Inside the barrel of a handgun or rifle, spiral grooves (referred to as barrel rifling) cause the bullet to spin. When the trigger is pulled, the primer is pounded and a spark is generated. This small explosion ignites the gun powder, resulting in the production of a large amount of gas and high pressure. Due to the high pressure, the bullet is forced out and passes through the barrel’s helical grooves. These spiral grooves, also referred to as barrel rifling, apply torque to the bullet, causing it to spin.
When fired from a rifle or handgun, bullets spin. What is the source of this spinning? Rifling is the answer. When bullets are fired from a rifle or handgun, barrel rifling causes them to spin.
What Actually Causes Bullets Spin When Shot From a Rifle?
If you’ve seen the film Wanted, I’m sure you’ve noticed a scene in which a bullet begins to spin after being fired.
Have you ever wondered why a bullet spins whenever a rifle or handgun is fired? Are all bullets spherical? Is this bullet spinning on purpose?
Let us address each of these questions in turn. The answer to the first question, which is why bullets spin, is contained within the rifle’s barrel.
What Is Barrel Rifling?
If you cut the gun barrel, you will recognize that the internal surface of the barrel has helical grooves.
When the gun’s trigger is pulled, the primer is hammered, igniting it. The primer’s small explosion ignites the gunpowder in the case. When the gun powder is ignited, a large amount of gas is produced and a large amount of pressure is created, which forces the bullet out of one end of the cartridge. Then, the helical grooves within the barrel generate torque, compelling a bullet to spin along its longitudinal axis.
Rifling is the term used to describe the spiral grooves on the internal surface of the barrel. It is defined by its twist rate or the rate at which the rifle barrel spins. It indicates the distance traveled by the rifling during one complete revolution. Fast twist barrels are typically used with longer bullets, while slower twist barrels are typically used with shorter bullets.
Is it true that all bullets spin?
True, the majority of modern firearms incorporate spiral grooves that cause the bullet to spin. In Germany in 1498, barrel rifling was invented but did not become widespread until the nineteenth century due to the residue left by earlier gun powders quickly filling up these grooves and rendering them useless.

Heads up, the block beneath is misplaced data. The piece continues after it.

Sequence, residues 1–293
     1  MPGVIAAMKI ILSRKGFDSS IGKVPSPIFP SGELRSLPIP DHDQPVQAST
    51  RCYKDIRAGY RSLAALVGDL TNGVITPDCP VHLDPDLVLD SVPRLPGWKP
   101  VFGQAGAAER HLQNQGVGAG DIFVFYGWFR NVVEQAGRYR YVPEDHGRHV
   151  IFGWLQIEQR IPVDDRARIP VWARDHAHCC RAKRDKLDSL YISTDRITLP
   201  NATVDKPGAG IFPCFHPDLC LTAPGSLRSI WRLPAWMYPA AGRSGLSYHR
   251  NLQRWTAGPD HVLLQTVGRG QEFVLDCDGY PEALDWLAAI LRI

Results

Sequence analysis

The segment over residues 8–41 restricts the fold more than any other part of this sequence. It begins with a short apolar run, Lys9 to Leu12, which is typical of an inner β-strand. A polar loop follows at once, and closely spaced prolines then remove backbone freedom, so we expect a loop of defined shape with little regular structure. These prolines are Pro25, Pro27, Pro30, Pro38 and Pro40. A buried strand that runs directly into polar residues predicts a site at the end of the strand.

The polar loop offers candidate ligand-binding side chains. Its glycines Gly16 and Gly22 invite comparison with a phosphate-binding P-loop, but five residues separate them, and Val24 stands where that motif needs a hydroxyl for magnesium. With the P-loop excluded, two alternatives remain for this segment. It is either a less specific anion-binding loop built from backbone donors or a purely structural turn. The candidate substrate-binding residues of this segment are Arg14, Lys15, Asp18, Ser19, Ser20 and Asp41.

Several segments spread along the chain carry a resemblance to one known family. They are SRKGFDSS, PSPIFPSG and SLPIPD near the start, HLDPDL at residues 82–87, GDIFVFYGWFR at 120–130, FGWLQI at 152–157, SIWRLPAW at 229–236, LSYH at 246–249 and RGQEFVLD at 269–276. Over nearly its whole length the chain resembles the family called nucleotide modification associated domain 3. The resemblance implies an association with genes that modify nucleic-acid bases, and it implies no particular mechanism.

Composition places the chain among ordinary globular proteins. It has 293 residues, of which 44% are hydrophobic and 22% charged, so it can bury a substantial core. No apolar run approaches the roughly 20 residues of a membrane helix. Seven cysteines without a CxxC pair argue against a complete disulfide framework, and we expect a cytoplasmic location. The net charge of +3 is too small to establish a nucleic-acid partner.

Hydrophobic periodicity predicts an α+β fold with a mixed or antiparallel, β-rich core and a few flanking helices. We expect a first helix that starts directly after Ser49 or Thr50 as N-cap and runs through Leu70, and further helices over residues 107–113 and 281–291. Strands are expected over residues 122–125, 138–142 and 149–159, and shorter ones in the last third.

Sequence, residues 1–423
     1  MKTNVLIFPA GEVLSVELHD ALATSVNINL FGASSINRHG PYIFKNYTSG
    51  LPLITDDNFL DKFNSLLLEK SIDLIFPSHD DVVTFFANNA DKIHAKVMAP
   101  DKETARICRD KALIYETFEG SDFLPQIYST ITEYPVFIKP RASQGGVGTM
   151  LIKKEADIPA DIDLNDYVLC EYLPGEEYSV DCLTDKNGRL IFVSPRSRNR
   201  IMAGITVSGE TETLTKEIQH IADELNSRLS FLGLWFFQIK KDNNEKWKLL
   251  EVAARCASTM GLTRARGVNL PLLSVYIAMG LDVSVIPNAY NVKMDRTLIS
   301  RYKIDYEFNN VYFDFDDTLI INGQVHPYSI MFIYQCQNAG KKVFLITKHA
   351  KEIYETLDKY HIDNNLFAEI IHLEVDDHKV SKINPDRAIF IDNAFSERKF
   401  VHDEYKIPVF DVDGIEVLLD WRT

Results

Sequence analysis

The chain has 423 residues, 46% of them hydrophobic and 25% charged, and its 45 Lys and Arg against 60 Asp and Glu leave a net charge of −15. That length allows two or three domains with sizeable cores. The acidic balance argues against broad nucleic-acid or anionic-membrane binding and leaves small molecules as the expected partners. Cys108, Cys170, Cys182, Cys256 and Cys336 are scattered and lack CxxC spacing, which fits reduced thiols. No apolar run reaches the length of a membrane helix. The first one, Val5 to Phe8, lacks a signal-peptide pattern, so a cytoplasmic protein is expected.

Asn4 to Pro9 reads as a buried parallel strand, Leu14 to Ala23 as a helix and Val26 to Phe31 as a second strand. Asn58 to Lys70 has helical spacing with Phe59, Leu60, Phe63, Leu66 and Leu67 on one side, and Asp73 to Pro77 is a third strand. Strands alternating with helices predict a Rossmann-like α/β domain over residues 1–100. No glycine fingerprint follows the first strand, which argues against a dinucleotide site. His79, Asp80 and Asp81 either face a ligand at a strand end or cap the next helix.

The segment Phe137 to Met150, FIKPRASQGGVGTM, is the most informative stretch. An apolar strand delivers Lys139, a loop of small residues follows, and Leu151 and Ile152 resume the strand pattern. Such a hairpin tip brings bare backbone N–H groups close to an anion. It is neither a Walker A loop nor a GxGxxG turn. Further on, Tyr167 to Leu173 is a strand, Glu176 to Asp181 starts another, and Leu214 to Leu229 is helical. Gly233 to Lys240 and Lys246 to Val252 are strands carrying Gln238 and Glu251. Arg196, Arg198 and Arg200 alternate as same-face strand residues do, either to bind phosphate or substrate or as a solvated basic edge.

What is barrel rifling for?
Barrel rifling is used to improve the bullet’s accuracy and range. Due to the angular momentum gained during barrel rifling, a spinning bullet is more stable. In comparison to smoothbore barrels, it improves the bullet’s aerodynamic stability and accuracy.
What are the types of barrel rifling?
- Polygonal Rifling
Historically, rifling consisted of sharp edge grooves. These sharp edge grooves are changed by less prominent “hills and valleys,” resulting in a polygonal barrel bore.
Polygonal rifling has a number of advantages, including maintaining the barrel’s thickness, improving the gas seal around the projectile, reducing bullet deformation, increasing muzzle velocity, and extending barrel life.
- Extended range full bore
This type of rifling is used in tanks and artillery pieces where the projectiles have small fins that ride in the barrel grooves. It contributes to the achievement of high muzzle velocity and range. South African G5 and Germany PzH 2000 are both examples of extended range full bore.
- Gain-twist rifling
Barrels with gain twist rifling have a slowly increasing twist rate as the bore length increases. Gain twist rifling has been shown to improve accuracy and deliver more velocity when used with certain types of bullets and barrels.
Does the barrel length have an effect on the bullet’s spin rate?
The barrel length has no effect on the bullet’s spin rate. It contributes to the bullet’s velocity increase. The bullet’s spin rate is determined by the twist rate of the rifling. The bullet’s twist rate and velocity produce revolutions per minute (RPM), which aids in bullet stabilization. The revolutions per minute (RPM) of velocity can be calculated as
“Bullet RPM = Muzzle velocity x 720 / Twist Rate”
As a result, bullets spin when fired from a rifle or handgun due to barrel rifling.
🤔 What Is Barrel Rifling?
When the gun's trigger is pulled, the primer is hammered, igniting it. The primer's small ...
🔍 Is it true that all bullets spin?
True, the majority of modern firearms incorporate spiral grooves ...